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Garden Diary - July 2019


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July


An Exemplary Vegetable Garden
Saturday, 20 July 2019

My house and garden seem to always be in woodland settings. Which makes it difficult to grow vegetables. They want to have sunlight, lots of it. In Connecticut there was a community garden in Allens Meadow. Three acres, two under cultivation and one acre fallow. Over time I somehow became the coordinator. I managed to have a point well installed, arranged the plowing and marking out of the plots. And raised large quantities of excellent produce. Good memories. However here in New Jersey about the only possible place for vegetables would be in pots, or in place of the front lawn. Which friends in Connecticut had done, replacing the front lawn with a vegetable garden. I admire vegetable gardens, love to visit them. So when Alfie said his wife had a wonderful vegetable garden I asked to make a visit. So glad that I did!

It is, as you can see, spacious. Definitely in full sun. Well protected from the deer with an electric fence. There is a grass path inside the fence, all around the perimeter. And internal paths that divide the area into four quadrants. Each row is 50 feet long and 5 feet wide. The width makes it easy to reach in for necessary work. And harvesting.

The rows are mulched with not-very-good hay, or aged wood chips.
On the soil, under the mulch, is either cardboard or newspaper.

Remay, horticultural fleece, is used for several purposes. Here, in July,
it helps new transplants settle in with less stress from the hot July weather.
In early spring it means transplants can go outside sooner than if exposed to
lingering frosts. In fall, semi-tender plants can cope with the first frosts. And
covering eggplants until they begin to flower protects them from insect pests.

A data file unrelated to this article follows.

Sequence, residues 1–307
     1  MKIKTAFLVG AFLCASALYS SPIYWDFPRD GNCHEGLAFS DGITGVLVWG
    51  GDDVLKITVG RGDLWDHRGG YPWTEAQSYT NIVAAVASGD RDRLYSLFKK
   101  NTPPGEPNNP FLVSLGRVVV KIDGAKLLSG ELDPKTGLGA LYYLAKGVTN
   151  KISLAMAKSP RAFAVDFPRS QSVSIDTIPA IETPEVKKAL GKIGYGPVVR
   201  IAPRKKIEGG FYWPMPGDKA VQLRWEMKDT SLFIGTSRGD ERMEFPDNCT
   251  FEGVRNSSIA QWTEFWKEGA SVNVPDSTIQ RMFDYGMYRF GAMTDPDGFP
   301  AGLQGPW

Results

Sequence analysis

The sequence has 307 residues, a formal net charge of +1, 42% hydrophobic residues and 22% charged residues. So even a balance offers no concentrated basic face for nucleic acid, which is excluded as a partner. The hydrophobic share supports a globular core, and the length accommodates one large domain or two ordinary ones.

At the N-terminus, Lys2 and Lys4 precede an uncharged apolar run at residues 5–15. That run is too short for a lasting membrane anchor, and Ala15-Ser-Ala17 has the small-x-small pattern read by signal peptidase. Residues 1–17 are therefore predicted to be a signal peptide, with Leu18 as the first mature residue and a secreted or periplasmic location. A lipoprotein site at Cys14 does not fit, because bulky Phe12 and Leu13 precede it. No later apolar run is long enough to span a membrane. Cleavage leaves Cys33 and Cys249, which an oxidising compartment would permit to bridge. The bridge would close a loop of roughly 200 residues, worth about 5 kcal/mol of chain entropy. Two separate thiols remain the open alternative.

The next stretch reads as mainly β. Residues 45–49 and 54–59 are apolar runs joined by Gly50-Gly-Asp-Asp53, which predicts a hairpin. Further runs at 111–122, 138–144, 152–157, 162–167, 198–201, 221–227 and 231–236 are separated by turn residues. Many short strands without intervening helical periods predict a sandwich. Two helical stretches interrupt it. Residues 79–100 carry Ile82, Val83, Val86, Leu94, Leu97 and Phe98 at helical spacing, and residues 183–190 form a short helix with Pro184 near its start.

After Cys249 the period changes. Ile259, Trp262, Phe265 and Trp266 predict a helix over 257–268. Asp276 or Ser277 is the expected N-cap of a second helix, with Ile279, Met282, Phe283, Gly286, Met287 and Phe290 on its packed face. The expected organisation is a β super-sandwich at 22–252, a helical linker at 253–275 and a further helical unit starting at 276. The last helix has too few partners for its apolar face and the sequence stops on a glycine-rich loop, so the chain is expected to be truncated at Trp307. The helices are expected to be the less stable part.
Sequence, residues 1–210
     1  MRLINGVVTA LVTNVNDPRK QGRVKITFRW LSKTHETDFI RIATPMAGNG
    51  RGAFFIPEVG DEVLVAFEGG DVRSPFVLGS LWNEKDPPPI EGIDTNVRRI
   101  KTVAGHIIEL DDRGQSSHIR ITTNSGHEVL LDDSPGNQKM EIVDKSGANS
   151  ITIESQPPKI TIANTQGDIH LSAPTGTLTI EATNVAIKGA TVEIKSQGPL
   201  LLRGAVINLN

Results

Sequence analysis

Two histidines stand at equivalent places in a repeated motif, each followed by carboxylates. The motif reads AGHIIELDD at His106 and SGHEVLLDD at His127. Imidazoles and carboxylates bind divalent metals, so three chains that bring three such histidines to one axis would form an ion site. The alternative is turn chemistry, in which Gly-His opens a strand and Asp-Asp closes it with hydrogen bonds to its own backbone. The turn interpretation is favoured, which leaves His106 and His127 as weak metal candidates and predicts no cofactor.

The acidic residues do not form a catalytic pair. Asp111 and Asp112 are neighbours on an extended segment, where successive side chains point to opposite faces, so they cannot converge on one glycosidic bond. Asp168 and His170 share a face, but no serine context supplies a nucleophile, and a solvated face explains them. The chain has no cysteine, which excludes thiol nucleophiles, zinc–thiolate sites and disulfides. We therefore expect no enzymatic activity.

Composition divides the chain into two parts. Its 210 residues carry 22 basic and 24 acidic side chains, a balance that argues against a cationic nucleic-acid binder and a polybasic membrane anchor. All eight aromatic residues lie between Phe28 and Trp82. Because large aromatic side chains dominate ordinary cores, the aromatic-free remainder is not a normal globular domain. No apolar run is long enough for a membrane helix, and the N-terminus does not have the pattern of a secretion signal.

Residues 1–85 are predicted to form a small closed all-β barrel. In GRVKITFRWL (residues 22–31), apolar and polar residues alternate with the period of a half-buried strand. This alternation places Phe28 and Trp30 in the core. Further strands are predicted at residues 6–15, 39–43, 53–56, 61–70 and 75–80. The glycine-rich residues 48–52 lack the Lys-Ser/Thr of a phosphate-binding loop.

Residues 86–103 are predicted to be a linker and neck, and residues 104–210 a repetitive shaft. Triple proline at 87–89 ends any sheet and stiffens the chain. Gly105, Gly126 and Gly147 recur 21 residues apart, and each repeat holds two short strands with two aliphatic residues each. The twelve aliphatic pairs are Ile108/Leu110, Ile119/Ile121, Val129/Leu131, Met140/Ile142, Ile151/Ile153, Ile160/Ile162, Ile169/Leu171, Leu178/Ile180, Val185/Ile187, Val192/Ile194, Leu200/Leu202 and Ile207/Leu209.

Sequential planting of corn means that some will be coming along
while the earlier sowing is being enjoyed. And as one batch is done,
out it comes. That will provide space for something to follow along.
It's called succession cropping, and makes good use of the ground.

The first potatoes have been dug. Nothing as delicious as little new potatoes.

There are two bee hives in a back corner of the garden. Alfie is the bee-keeper.
Why keep bees? For honey, of course. And more bees mean better pollination.

Janet plants rows of flowers here and there in the garden,
for the bees and for other pollinators. Besides, they're pretty.

There's a double row area planted to buckwheat. It does attract pollinators,
and when it is plowed under as a green manure it will improve the soil.

Sweet Walla Walla onions. When the leaves begin to fall over (lodging,
it is called) Janet knocks all of them down. Sends energy into the bulb
rather than maintaining the greenery which is no longer necessary.

Just see how big and beautiful her onions are!

This is not a new garden, or even a relatively recent one. By now, Janet has a clear idea of what she will grow, what it takes to produce a crop, and how she will go about it. We did not discuss if she only gardens organically but it is clear that organic methods and techniques are an important part of her gardening style. For example, the different beans she grows are heirloom, open pollinated varieties. That means that she allows some of each kind of bean to grow beyond what you'd normally pick to eat. Once mature, she saves the seed for next year's garden, confident that it will come true, that is, the same as the plants from which she saved the seed. Hybrid seed cannot do that. Oh, you'll get beans from the saved seed, but they won't be the same as the bean plant from which they were saved.

Beans may be either shorter bush type beans, or taller, climbing pole beans.
Obviously, if they are pole types they need something to climb on. Like a trellis.

These are lima beans. Cannot say that I know anyone else growing them.

Janet only grows a few plants of celery. After all, how much do you need.

But she does have a very nice asparagus bed. If you like it
(and clearly she and Alfie do) you need lots of asparagus.

She even grows globe artichokes. They are usually raised as a biannual, somehow
kept going over the winter to flower the second year. Janet manages to do it in just
one year, starting the seed at the same time she starts the first crop of broccoli.

This is celtuce, an interesting lettuce cultivar grown for its thick stems
and used as a vegetable, not for salads. Other names are stem lettuce,
celery lettuce, asparagus lettuce, or Chinese lettuce. These are babies.
When ready to harvest celtuce will have a thick stalk with a sturdy rind.

Lastly, here's a bean that you probably never think of as a bean. Well, actually
it is a relative of both peas and beans. It's a row of peanuts. They are very funky,
peanuts are. They flower up in the air. Once pollinated and the petals drop, they
burrow into the soil where the peanuts form. This is a striped peanut, Janet says,
and very good. I'll have to come back this fall and watch when she harvest them.

An exemplary vegetable garden, to say the least.


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